When asked which airline seat they'd choose to avoid the discomfort (and embarrassment) of airsickness, the consensus among a random sampling of my acquaintances was a big comfy seat up front. A first-class seat, in other words.
Comfort as the antidote to discomfort. Makes sense, right?
Seemingly sensible or not, it turns out that a first-class seat is as likely to exacerbate motion sickness as a coach seat at the very rear of the plane. The most soothing seats, from an airsickness standpoint, are those that minimize nausea-inducing turbulence. And those are the seats directly over the wing, in the middle of the plane, because they pitch the least when the aircraft flies through bumpy air.
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So, for those who are prone to airsickness, the first step in keeping their symptoms at bay is booking a seat over the wings. Since the center of the plane is almost always populated with coach-class seats, that strategy also comports nicely with a cost-saving approach to air travel.
Another seat-related thought: If claustrophobia isn't a problem, book a window seat. Focusing on the horizon can help mitigate airsickness.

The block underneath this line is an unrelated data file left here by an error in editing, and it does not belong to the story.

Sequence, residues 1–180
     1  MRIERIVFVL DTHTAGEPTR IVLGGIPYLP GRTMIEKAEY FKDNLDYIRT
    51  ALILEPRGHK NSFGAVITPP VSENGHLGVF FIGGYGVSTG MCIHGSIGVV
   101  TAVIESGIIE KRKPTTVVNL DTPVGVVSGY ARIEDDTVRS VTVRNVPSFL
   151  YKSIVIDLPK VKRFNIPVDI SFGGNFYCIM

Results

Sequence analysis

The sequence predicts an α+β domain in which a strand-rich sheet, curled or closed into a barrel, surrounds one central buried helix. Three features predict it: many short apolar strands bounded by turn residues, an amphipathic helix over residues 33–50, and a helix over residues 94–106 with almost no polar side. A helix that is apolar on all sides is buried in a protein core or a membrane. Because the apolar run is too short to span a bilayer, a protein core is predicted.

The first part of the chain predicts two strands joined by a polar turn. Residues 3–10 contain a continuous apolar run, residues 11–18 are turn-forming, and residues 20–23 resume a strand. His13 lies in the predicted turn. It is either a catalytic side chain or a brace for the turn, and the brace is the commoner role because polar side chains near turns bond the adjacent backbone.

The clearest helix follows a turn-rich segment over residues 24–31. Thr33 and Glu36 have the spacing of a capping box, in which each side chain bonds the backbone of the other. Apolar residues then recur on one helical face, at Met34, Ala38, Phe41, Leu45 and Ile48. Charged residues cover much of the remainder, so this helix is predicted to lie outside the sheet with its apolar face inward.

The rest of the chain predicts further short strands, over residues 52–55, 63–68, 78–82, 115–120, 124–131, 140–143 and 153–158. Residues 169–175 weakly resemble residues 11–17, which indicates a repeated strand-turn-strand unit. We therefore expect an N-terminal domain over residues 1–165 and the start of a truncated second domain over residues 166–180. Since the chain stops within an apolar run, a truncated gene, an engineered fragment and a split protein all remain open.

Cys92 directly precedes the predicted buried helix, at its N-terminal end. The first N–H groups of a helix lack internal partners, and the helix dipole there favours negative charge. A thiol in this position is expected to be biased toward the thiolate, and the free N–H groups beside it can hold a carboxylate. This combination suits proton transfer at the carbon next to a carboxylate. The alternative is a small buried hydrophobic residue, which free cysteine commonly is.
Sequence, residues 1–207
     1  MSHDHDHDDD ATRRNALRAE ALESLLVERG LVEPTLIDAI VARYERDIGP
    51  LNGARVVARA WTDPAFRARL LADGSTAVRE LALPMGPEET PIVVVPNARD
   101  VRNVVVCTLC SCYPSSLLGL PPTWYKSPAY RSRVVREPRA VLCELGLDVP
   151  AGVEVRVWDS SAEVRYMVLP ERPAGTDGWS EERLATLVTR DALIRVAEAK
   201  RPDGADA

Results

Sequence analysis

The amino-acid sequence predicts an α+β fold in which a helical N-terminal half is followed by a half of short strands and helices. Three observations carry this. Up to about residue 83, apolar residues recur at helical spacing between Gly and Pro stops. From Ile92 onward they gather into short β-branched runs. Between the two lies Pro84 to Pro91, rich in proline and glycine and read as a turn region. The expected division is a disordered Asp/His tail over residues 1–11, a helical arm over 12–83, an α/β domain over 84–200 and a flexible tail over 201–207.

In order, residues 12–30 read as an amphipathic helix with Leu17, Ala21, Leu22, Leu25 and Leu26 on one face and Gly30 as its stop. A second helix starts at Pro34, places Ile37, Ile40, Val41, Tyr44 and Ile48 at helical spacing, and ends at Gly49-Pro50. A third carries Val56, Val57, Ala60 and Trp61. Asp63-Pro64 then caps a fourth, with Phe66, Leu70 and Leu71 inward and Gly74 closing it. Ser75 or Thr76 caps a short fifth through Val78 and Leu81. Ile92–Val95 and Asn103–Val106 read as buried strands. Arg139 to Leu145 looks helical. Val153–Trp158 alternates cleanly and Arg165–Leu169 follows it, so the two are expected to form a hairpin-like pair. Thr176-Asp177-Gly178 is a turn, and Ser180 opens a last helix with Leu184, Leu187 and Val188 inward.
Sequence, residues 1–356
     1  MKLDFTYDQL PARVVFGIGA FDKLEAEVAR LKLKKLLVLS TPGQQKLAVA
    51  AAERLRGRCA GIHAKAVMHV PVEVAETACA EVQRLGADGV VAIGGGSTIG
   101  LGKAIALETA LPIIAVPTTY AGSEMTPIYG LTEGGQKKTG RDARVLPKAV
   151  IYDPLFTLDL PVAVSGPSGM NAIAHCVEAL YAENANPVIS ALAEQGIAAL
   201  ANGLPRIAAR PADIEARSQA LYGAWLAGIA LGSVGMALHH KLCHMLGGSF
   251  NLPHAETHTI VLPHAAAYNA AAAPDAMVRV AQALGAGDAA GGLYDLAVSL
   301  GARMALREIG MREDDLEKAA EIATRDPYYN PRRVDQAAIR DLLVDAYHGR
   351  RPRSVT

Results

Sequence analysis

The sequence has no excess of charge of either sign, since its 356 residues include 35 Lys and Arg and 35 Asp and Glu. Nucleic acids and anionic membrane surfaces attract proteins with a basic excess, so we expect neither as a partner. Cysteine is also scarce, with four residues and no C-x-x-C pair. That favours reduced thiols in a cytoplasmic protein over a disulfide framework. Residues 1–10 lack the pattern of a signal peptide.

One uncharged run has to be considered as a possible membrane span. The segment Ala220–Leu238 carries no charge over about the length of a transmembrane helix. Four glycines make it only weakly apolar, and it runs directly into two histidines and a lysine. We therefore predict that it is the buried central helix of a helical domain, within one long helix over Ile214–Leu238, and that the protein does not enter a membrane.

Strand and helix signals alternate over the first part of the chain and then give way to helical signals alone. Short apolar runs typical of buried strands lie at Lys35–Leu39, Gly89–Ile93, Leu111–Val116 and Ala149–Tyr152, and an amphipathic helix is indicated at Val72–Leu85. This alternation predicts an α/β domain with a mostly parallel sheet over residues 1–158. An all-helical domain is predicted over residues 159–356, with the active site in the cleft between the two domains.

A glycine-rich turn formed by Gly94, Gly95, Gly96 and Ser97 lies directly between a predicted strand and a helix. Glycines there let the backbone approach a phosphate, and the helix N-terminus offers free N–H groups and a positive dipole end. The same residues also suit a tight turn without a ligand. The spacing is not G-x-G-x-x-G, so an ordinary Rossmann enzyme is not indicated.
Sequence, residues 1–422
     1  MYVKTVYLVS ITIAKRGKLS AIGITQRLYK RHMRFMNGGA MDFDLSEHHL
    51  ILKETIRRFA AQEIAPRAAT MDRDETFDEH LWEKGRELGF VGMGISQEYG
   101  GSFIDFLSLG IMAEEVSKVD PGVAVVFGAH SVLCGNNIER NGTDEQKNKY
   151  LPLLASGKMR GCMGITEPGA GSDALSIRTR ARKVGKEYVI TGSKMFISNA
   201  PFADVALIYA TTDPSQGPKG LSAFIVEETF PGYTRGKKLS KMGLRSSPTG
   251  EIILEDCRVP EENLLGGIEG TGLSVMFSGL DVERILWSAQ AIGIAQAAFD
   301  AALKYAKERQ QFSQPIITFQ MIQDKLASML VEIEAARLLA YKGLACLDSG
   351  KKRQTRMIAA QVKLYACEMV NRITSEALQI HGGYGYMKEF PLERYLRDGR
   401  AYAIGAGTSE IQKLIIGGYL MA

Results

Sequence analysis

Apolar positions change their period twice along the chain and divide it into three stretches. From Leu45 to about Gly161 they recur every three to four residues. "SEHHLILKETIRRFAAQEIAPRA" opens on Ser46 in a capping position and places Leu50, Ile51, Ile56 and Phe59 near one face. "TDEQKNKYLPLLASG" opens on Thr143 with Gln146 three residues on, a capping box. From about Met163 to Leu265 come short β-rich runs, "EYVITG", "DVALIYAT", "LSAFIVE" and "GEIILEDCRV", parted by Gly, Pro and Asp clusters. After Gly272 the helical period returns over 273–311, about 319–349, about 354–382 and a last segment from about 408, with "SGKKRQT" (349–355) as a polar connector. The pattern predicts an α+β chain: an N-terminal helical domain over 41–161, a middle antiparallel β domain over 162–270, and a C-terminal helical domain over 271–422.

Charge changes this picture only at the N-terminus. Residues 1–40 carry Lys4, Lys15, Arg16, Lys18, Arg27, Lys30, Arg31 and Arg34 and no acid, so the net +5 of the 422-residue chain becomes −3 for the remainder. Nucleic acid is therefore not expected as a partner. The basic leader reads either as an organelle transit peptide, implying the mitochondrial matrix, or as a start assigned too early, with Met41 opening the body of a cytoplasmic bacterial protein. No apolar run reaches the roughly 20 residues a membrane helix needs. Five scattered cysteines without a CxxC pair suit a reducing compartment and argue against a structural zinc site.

A few other suggestions:
- Don't eat heavy, greasy meals before flying
- Don't drink alcohol before or during the flight
- Avoid reading or other activities that require close-up vision
- Use the air vents to keep air flowing
- Dramamine and other medications for motion sickness are available over-the-counter, and more powerful meds can be obtained with a doctor's prescription
If none of the above hold off the nausea, there's always the barf bag.
Reader Reality Check
When was the last time you saw someone get airsick on a plane? (I ask because it seems to be an increasingly rare occurrence.)
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Read the original story: Where to Sit to Avoid Airsickness and the Dreaded Barf Bag by Tim Winship, who is a regular contributor to SmarterTravel.